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I couldn’t wait to make my way down 120 steps to the garden. The garden was absolutely breathtaking and perfectly landscaped. We were lucky to come here in the summertime to see the garden in its blooming splendor. I was blown away by this so-called “Frederician Rococo” and embrace the light-heartedness and serenity of the place. The incredibly green garden seemed to dominate the view making the palace tiny and small. It epitomized the romantic ideal of harmony between man and nature. All those well-maintained flower beds and lawns now made it seem like a paradise and a perfect place to get away and mellow out. I should think some people were tempted to take one of the flowers back home with them as a reminder of our trip but I don’t think anyone would dare to.
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We took a short stroll along the park and saw people sunbathing and enjoying a lovely summer day. All the flowers were said to be the same as back when Frederick came here and accepted his privileged guests, like Voltier with whom he was known to have an intimate friendship with, to name a few. The whole area stretches miles and miles away but since we were pressed for time as usual, we got to see only some parts of it.
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The next stop on our magically green way was the Chinese House. That was a gild decorative house also used for social events. It took the longest to build due to the Seven Years’ War. It was fairytale-like as well. I wish we could stop for a lovely cup of tea here but we had to make our way further. We also saw a gazebo which was a sort of a pavilion structure which was both practical and ornamental and was again a brilliant combination of art and nature.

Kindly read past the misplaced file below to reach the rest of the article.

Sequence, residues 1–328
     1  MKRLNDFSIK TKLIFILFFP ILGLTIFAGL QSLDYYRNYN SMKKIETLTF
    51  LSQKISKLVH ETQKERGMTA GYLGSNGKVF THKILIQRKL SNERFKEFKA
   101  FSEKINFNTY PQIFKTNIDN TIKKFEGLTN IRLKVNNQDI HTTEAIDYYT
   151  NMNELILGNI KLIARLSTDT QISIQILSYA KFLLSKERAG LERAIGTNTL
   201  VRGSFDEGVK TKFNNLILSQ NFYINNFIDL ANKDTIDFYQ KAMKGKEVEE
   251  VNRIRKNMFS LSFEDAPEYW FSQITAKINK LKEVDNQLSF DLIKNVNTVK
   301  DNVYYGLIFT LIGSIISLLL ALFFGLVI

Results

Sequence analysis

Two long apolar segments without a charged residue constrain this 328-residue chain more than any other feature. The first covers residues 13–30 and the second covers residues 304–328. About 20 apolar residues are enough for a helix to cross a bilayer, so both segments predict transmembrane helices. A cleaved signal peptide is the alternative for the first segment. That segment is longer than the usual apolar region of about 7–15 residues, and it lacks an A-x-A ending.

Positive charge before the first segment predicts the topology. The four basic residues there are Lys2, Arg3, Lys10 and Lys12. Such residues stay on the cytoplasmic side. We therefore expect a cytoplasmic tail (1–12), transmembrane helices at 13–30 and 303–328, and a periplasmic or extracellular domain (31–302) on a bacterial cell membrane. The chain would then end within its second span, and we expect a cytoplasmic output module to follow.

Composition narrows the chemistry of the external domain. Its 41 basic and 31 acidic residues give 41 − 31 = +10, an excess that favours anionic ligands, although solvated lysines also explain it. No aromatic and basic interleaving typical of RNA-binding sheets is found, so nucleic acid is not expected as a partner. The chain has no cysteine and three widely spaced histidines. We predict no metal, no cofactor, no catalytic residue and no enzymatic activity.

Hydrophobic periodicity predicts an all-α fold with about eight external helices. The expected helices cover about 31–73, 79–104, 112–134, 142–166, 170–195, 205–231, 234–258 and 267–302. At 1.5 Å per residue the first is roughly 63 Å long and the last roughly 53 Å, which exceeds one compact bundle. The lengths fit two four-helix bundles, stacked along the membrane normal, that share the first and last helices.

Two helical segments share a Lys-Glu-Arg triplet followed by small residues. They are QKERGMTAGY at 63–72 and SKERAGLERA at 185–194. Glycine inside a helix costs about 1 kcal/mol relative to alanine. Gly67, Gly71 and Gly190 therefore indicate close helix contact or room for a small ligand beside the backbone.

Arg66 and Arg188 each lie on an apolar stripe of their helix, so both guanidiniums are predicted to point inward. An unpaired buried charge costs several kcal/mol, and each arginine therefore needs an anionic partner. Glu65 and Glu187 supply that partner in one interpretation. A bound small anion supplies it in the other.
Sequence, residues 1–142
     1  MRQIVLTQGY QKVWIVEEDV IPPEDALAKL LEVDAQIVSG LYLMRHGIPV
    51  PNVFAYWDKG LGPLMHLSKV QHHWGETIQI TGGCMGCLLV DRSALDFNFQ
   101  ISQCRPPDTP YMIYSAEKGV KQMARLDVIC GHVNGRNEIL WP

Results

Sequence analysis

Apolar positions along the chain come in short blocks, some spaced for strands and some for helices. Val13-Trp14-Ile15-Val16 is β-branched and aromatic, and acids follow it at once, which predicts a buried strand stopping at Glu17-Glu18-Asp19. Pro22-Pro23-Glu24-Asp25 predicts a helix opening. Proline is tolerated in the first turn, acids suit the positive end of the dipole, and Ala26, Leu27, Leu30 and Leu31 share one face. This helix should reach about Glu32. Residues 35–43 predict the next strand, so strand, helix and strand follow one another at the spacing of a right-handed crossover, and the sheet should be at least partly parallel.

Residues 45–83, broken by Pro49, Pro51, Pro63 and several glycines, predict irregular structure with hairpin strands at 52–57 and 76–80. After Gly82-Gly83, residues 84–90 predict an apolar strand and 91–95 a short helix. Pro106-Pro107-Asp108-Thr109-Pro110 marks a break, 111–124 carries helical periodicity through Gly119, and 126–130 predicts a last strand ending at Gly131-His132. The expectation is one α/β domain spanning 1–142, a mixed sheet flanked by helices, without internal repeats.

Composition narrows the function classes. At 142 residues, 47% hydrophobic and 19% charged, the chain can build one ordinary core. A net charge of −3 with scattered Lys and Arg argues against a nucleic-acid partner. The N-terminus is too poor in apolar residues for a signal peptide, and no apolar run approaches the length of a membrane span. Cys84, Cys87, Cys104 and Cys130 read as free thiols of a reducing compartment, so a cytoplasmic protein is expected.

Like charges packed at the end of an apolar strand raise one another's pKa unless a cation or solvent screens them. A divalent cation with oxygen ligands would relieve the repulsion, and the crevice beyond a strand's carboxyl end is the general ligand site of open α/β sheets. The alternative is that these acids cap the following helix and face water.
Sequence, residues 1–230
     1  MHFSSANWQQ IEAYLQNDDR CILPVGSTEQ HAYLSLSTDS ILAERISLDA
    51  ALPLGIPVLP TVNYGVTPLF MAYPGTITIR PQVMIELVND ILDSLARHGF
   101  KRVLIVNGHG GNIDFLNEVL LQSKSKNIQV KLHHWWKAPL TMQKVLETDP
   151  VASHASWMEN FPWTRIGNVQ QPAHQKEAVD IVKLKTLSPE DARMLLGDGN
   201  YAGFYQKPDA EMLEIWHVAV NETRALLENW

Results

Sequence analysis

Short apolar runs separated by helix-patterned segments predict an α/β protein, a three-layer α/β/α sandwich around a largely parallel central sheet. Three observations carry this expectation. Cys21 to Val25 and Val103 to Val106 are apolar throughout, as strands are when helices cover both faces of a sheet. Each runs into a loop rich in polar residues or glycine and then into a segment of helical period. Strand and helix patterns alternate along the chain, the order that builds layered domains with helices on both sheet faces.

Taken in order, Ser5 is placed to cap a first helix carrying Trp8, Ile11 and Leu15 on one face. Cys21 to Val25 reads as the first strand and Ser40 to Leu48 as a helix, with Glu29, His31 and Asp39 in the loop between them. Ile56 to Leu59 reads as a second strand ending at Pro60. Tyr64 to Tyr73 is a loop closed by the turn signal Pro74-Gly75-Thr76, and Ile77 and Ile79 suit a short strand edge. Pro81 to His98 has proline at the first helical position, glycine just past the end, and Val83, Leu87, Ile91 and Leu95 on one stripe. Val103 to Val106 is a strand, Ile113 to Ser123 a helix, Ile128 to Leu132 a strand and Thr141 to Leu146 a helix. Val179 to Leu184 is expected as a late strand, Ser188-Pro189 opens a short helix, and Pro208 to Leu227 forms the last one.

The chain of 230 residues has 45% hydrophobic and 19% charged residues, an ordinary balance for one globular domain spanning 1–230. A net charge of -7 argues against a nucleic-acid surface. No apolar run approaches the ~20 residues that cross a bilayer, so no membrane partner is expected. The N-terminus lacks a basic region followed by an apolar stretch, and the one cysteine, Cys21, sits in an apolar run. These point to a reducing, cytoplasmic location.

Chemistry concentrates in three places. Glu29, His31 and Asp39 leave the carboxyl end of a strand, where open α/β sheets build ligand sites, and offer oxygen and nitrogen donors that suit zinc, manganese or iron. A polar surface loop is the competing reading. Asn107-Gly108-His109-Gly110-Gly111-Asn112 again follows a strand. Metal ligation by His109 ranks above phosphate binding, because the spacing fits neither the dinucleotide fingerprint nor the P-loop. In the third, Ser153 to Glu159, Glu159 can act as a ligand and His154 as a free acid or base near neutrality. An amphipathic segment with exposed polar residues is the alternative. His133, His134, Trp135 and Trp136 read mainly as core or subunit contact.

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We got back to our bus to make our way to the Russian colony of Alexandrowka, which was originally a residence for a group of Russian emigrants. Actually, the only thing I knew about Potsdam prior to my trip there was that was the location of the Potsdam Conference with the leaders of the Soviet Union, United Kingdom and the United States meeting there to discuss what a post-war world would be like. Being in that spot and location was like taking a trip in a time-machine. That was our second Russian experience in Germany. Cecilienhof was the name of the palace where this conference took place. It now houses a museum and a hotel. We got in to get some souvenirs. Some of them were wonderful mirrors, fans. There was also some Potsdam conference memorabilia featuring pictures of Stalin, which was a bit creepy and made it feel like his watchful eye was following us even miles and miles away from home. I got my lovely cuddly Berlin bear there as I feared I might not have time to back in Berlin. I also had a chance to say a few words in German and I loved how the shop assistant smiled at me when I said “Vielen Dank” (Thanks a lot). Me speaking a bit of German seemed to come as a surprise to her. I was enjoying my German experience. When we got out, we found that the rest of our group and the guide were already gone. We were standing by the red star outside the palace waiting for them to show up but then we decided we would have to find our way around if we didn’t want to get lost. It would be embarrassing to have the rest of the group waiting on us in the coach. So, to add more thrill to our trip, we had to take a jog to where the coach was parked. If only we knew our way around! I think about nine people having exactly no idea where they were running to in a foreign country where people were taking leisurely strolls made a pathetic view. But anyway, totally out of breath, we made it to our coach, we found out that the rest of the group were not back from the walking tour. We were breathless but chuffed to make it on time. Now we were waiting for the rest of the group and then it was time to say goodbye to the lovely Potsdam. It could well make for a day trip and again we made a wish we would be back here one day to bask in the sun and enjoy the green beauty of art and nature coming together. That felt like a light-hearted romance that we knew wouldn’t last long. We were jealous of all those locals riding their bikes and had to go back to Berlin listening to our guide telling us about a dire financial situation in Germany and still secretly wishing we lived here. The next stop was Dresden.

Author: Olga

An English teacher and translator, a keen traveller